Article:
Tribal Colleges: Gains for 'Underfunded Miracles'
Kirsten A. Conover, writer of The Christian Science Monitor, The Christian Science Monitor
When the native-American community makes the news, all too often it is portrayed with a sense of plight.
But a story of renewal and hope has been waiting to be told: native-American colleges.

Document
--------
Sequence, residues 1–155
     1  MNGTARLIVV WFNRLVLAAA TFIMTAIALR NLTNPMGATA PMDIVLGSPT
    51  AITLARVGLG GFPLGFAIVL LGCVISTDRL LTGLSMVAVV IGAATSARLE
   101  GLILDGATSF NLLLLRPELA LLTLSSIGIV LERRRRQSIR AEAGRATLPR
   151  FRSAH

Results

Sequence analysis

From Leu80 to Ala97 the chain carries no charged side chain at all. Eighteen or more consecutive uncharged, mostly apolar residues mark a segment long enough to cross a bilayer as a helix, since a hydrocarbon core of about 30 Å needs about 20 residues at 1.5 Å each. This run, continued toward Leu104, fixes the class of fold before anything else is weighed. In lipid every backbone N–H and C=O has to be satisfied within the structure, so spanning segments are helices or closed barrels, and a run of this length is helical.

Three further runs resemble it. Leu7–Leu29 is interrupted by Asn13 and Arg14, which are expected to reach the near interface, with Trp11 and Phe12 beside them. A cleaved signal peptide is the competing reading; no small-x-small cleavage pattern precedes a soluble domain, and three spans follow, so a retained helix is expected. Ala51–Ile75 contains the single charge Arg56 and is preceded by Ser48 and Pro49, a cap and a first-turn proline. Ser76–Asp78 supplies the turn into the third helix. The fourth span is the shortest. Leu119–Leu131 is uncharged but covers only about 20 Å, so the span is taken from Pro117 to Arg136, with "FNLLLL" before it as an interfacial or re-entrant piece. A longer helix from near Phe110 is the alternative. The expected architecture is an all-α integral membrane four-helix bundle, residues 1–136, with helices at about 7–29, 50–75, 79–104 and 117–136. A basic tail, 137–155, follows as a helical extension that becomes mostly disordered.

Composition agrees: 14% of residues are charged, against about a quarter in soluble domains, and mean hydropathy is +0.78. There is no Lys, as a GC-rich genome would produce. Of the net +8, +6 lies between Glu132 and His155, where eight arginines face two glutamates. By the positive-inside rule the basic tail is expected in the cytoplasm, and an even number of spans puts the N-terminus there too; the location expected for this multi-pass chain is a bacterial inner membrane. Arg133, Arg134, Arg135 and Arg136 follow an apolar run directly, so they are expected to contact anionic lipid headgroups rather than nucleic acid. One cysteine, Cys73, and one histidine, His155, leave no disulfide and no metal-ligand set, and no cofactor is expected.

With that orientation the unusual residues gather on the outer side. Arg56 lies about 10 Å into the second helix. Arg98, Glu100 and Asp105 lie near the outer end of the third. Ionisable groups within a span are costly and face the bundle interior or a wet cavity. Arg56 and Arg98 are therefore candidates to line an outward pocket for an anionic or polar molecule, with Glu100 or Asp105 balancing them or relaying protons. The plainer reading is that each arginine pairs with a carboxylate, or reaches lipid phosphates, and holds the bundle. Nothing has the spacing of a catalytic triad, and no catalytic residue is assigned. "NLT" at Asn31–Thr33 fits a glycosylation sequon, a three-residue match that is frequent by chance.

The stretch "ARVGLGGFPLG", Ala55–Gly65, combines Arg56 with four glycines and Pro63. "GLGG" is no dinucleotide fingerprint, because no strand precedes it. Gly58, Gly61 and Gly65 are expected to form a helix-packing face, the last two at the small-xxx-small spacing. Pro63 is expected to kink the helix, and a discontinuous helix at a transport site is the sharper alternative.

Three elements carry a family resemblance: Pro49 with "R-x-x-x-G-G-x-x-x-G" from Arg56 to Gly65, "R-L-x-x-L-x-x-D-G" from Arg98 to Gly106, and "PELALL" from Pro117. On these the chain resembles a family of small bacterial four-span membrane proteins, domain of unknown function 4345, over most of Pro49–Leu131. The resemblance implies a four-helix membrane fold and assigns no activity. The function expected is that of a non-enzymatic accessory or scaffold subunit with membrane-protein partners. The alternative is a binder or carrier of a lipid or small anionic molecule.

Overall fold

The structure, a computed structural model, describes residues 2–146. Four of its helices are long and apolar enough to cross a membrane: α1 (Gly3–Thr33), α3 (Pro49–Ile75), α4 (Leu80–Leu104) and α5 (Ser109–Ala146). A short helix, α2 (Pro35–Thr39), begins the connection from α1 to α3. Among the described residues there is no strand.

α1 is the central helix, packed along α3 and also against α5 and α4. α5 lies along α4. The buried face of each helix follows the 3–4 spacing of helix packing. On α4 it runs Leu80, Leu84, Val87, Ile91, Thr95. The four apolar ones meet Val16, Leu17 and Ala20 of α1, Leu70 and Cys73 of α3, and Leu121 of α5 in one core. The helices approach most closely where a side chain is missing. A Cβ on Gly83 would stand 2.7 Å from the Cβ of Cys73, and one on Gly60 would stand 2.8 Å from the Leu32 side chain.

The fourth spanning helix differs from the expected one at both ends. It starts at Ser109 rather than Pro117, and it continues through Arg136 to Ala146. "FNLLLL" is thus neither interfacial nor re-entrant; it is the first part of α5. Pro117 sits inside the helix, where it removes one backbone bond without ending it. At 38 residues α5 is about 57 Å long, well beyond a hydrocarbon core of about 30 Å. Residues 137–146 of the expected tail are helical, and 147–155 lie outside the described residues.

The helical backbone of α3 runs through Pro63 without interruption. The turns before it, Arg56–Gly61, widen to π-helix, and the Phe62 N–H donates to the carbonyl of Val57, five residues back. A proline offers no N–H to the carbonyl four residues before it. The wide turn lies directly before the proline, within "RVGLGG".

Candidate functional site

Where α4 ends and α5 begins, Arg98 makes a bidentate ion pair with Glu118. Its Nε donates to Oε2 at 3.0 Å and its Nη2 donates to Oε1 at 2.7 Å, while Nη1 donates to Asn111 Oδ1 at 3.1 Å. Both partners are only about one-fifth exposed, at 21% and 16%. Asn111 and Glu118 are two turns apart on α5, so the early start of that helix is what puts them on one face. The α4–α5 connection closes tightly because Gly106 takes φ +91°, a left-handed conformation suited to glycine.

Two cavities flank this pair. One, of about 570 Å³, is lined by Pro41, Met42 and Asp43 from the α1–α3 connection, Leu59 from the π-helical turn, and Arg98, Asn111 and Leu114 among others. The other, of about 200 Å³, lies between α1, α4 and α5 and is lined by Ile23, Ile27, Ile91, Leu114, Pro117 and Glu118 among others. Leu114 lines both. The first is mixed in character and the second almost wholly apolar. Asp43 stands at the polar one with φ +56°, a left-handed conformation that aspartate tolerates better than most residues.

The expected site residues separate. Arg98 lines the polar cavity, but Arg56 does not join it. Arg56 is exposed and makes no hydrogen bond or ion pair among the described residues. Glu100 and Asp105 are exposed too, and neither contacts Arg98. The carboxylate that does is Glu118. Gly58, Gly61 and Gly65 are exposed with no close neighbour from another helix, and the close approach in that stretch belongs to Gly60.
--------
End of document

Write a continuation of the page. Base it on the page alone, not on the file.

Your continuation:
From North Dakota to Arizona, tribal colleges have been steadily and quietly making a positive difference in native-American communities. Documenting their determination is a report released yesterday by the Carnegie Foundation for the Advancement of Teaching. The report, titled "Native American Colleges: Progress and Prospects," revisits a study done eight years ago by Carnegie and offers evidence of how these colleges, sometimes referred to as "underfunded miracles," have grown and succeeded against great odds. "Without question, the most significant development in American Indian communities since World War II, was the creation of tribally controlled colleges, institutions of higher learning founded by tribes and governed by Indians," writes Paul Boyer, author of the report, who has studied the colleges for more than a decade. "More than any other single institution, they are changing lives and offering real hope for the future." Mr. Boyer and his colleagues make the case that today: * Tribal colleges establish a learning environment that supports students who had come to view failure as the norm. * They celebrate and help sustain native-American traditions. * They provide counseling and recreation services that enrich surrounding communities. * Tribal colleges are centers for scholarship in such areas as prairie-grasslands management and mental-health services. The first tribal college was founded in 1968 on the Navajo Reservation in Arizona. Today, there are 27 tribally controlled colleges in the United States, mainly concentrated in the northern Plains and in the Southwest. For the most part, they are two-year community colleges. Resources are limited: Facilities, while deemed "adequate," are often in poor shape and lack updated equipment. Yet more of these colleges are adding four-year and even graduate degrees to their curriculums. While much of the faculty is American Indian, two-thirds is non-Indian. According to the report, most graduates stay on the reservation, share their knowledge, and serve as role models. …